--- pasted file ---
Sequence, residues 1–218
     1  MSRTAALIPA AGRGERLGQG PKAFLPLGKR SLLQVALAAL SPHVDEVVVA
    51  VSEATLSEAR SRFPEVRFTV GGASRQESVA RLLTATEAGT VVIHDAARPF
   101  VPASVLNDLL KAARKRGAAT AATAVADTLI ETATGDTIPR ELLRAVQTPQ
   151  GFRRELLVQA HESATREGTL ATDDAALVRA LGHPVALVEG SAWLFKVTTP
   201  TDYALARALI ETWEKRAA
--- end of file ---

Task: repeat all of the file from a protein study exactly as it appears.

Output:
Sequence, residues 1–218
     1  MSRTAALIPA AGRGERLGQG PKAFLPLGKR SLLQVALAAL SPHVDEVVVA
    51  VSEATLSEAR SRFPEVRFTV GGASRQESVA RLLTATEAGT VVIHDAARPF
   101  VPASVLNDLL KAARKRGAAT AATAVADTLI ETATGDTIPR ELLRAVQTPQ
   151  GFRRELLVQA HESATREGTL ATDDAALVRA LGHPVALVEG SAWLFKVTTP
   201  TDYALARALI ETWEKRAA